Income Per Capita

Definition of 'Income Per Capita'


A measure of the amount of money that is being earned per person in a certain area. Income per capita can apply to the average per-person income for a city, region or country and is used as a means of evaluating the living conditions and quality of life in different areas. It can be calculated for a country by dividing the country's national income by its population.

Investopedia explains 'Income Per Capita'


Because per-capita income is the overall income of a population divided by the number of people included in the population, it does not always give an accurate representation of the quality of life due to the function's inability to account for skewed data. For instance, if there is an area where 50 people are making $1 million per year and 1,000 people making $100 per year the per capita income is $47,714, but that does not give a true picture of the living conditions of the entire population.


Filed Under:

comments powered by Disqus
Hot Definitions
  1. Quanto Swap

    A swap with varying combinations of interest rate, currency and equity swap features, where payments are based on the movement of two different countries' interest rates. This is also referred to as a differential or "diff" swap.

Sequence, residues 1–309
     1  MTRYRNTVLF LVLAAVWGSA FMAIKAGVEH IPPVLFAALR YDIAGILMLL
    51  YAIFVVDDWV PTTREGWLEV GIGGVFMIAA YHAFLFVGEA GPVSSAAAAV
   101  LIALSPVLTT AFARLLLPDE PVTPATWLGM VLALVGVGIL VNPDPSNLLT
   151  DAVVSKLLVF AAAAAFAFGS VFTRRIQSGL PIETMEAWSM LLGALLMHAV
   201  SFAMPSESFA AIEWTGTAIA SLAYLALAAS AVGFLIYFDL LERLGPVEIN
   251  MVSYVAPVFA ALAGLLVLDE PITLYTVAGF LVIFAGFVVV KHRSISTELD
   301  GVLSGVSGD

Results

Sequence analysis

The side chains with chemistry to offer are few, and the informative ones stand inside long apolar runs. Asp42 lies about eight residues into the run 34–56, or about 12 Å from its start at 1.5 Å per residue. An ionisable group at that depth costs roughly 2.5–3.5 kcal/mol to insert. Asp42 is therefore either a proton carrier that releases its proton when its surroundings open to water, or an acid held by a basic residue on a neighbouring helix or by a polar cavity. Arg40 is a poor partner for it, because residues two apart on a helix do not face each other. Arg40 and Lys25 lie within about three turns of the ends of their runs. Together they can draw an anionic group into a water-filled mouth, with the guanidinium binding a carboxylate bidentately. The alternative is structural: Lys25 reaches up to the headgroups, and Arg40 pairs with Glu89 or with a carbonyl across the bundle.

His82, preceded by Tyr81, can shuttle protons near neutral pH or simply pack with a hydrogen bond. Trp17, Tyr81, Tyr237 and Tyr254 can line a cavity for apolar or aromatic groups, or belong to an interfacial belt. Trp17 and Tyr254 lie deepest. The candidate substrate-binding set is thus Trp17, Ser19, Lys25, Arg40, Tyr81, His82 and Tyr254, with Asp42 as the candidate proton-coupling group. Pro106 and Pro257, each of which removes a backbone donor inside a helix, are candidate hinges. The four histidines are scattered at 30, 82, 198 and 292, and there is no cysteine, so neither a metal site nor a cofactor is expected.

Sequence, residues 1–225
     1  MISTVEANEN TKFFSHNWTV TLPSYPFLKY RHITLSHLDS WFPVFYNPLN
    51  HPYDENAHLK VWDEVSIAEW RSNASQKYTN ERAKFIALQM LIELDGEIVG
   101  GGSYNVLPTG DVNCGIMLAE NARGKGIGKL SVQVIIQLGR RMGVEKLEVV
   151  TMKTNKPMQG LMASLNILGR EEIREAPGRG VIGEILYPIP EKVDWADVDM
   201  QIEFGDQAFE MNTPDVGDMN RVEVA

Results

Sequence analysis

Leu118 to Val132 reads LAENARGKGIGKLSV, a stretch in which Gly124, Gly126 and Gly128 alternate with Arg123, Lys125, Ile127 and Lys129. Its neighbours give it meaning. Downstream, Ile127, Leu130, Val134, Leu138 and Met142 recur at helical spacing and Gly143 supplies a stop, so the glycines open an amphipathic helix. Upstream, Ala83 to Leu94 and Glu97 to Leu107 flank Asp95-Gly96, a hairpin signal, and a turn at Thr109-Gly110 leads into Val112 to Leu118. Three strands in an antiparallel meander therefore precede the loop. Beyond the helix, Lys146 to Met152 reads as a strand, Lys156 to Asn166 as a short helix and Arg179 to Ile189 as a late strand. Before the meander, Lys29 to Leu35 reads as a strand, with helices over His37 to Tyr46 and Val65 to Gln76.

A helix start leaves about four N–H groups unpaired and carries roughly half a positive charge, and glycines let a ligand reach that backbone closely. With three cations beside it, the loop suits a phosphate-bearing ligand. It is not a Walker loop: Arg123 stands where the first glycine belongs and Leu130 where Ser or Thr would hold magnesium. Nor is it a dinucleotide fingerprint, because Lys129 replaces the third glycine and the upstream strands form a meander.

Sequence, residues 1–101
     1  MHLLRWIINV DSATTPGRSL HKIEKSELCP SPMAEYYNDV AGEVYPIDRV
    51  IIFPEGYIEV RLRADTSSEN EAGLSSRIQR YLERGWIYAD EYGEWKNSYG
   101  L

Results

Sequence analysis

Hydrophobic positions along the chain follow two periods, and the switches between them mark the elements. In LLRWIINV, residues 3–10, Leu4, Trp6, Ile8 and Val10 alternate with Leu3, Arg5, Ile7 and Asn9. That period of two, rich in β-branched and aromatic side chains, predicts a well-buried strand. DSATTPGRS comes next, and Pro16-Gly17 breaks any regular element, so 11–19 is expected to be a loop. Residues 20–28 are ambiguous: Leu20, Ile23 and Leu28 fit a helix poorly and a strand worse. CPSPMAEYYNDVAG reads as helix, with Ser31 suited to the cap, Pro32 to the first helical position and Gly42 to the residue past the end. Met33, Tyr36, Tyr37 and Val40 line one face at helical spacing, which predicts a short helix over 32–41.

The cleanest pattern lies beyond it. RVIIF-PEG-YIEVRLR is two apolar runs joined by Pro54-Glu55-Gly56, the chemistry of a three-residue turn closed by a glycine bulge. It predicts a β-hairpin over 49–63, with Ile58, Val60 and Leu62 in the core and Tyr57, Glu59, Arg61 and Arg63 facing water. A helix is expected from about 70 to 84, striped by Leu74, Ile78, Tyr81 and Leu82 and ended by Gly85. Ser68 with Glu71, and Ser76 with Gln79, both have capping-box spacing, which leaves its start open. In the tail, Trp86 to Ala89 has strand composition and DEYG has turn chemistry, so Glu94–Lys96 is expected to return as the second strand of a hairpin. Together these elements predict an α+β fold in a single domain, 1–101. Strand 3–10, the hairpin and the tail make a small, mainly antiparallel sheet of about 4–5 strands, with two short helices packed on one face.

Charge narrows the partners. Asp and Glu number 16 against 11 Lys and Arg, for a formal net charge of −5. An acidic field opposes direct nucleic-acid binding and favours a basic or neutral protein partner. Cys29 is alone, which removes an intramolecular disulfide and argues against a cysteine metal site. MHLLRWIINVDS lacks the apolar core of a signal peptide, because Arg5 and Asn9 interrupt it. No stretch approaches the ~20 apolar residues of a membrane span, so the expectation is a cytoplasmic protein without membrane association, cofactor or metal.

2. Genuine Progress Indicator - GPI

    A metric used to measure the economic growth of a country. It is often considered as a replacement to the more well known gross domestic product (GDP) economic indicator. The GPI indicator takes everything the GDP uses into account, but also adds other figures that represent the cost of the negative effects related to economic activity (such as the cost of crime, cost of ozone depletion and cost of resource depletion, among others).
  3. Accelerated Share Repurchase - ASR

    A specific method by which corporations can repurchase outstanding shares of their stock. The accelerated share repurchase (ASR) is usually accomplished by the corporation purchasing shares of its stock from an investment bank. The investment bank borrows the shares from clients or share lenders and sells them to the company.
  4. Microeconomic Pricing Model

    A model of the way prices are set within a market for a given good. According to this model, prices are set based on the balance of supply and demand in the market. In general, profit incentives are said to resemble an "invisible hand" that guides competing participants to an equilibrium price. The demand curve in this model is determined by consumers attempting to maximize their utility, given their budget.
  5. Centralized Market

    A financial market structure that consists of having all orders routed to one central exchange with no other competing market. The quoted prices of the various securities listed on the exchange represent the only price that is available to investors seeking to buy or sell the specific asset.
  6. Balanced Investment Strategy

    A portfolio allocation and management method aimed at balancing risk and return. Such portfolios are generally divided equally between equities and fixed-income securities.
Trading Center